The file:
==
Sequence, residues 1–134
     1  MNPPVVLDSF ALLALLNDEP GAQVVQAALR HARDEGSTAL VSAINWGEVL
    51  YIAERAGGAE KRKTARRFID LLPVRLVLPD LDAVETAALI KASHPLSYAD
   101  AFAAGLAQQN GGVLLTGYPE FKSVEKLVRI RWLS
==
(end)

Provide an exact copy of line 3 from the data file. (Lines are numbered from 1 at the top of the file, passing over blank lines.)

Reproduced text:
    51  YIAERAGGAE KRKTARRFID LLPVRLVLPD LDAVETAALI KASHPLSYAD